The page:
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dc.contributor.authorIrwin, Benedict W. J.
dc.contributor.authorWhitehead, Thomas M.
dc.contributor.authorRowland, Scott
dc.contributor.authorMahmoud, Samar Y.
dc.contributor.authorConduit, Gareth J.
dc.contributor.authorSegall, Matthew D.
dc.date.accessioned2021-07-07T15:47:09Z
dc.date.available2021-07-07T15:47:09Z
dc.date.issued2021-07-07
dc.date.submitted2021-01-13
dc.identifier.issn2689-5595
dc.identifier.otherail231
dc.identifier.urihttps://www.repository.cam.ac.uk/handle/1810/324934
dc.description.abstractAbstract: More accurate predictions of the biological properties of chemical compounds would guide the selection and design of new compounds in drug discovery and help to address the enormous cost and low success‐rate of pharmaceutical R&D. However, this domain presents a significant challenge for AI methods due to the sparsity of compound data and the noise inherent in results from biological experiments. In this paper, we demonstrate how data imputation using deep learning provides substantial improvements over quantitative structure‐activity relationship (QSAR) machine learning models that are widely applied in drug discovery. We present the largest‐to‐date successful application of deep‐learning imputation to datasets which are comparable in size to the corporate data repository of a pharmaceutical company (678 994 compounds by 1166 endpoints). We demonstrate this improvement for three areas of practical application linked to distinct use cases; (a) target activity data compiled from a range of drug discovery projects, (b) a high value and heterogeneous dataset covering complex absorption, distribution, metabolism, and elimination properties, and (c) high throughput screening data, testing the algorithm's limits on early stage noisy and very sparse data. Achieving median coefficients of determination, R2, of 0.69, 0.36, and 0.43, respectively, across these applications, the deep learning imputation method offers an unambiguous improvement over random forest QSAR methods, which achieve median R2 values of 0.28, 0.19, and 0.23, respectively. We also demonstrate that robust estimates of the uncertainties in the predicted values correlate strongly with the accuracies in prediction, enabling greater confidence in decision‐making based on the imputed values.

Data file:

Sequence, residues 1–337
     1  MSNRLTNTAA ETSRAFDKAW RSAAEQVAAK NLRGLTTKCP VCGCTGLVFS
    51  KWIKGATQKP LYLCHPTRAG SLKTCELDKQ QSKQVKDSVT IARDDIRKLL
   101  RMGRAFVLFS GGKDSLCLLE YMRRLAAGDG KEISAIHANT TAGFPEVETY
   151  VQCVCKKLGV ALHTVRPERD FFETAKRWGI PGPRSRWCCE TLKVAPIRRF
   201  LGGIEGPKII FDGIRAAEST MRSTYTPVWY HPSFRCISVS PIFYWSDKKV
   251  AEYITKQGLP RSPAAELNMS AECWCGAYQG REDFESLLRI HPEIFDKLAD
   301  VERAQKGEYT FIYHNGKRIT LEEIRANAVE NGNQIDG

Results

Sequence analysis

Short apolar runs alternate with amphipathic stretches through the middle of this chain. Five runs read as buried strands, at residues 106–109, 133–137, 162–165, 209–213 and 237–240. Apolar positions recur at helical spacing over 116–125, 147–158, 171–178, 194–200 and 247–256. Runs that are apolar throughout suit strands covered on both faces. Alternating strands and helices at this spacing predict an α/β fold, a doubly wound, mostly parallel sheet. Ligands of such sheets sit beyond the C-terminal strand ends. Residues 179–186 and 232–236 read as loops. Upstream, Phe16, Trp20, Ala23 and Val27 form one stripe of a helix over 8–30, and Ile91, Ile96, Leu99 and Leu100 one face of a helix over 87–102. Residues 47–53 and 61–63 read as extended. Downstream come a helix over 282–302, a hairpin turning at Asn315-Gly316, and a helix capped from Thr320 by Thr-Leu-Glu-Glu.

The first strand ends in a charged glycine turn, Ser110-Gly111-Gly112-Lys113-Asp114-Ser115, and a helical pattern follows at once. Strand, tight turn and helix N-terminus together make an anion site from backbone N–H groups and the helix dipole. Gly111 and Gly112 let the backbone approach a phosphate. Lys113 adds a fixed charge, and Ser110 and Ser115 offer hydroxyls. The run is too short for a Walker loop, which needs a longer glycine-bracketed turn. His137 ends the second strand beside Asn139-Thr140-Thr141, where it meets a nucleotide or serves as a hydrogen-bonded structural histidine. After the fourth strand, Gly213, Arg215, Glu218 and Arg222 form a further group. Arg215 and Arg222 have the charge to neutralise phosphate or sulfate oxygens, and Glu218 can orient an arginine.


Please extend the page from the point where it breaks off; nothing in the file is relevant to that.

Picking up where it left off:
dc.languageen
dc.publisherBlackwell Publishing Ltd
dc.subjectLETTER
dc.subjectLETTERS
dc.subjectAI in drug discovery
dc.subjectdeep learning
dc.subjectdrug discovery
dc.subjectimputation
dc.titleDeep imputation on large‐scale drug discovery data
dc.typeOther
dc.date.updated2021-07-07T15:47:08Z
prism.publicationNameApplied AI Letters
dc.identifier.doi10.17863/CAM.72387
dcterms.dateAccepted2021-05-18
rioxxterms.versionofrecord10.1002/ail2.31
rioxxterms.versionAO
rioxxterms.versionVoR
rioxxterms.licenseref.urihttp://creativecommons.org/licenses/by/4.0/
dc.contributor.orcidIrwin, Benedict W. J. [0000-0001-5102-7439]


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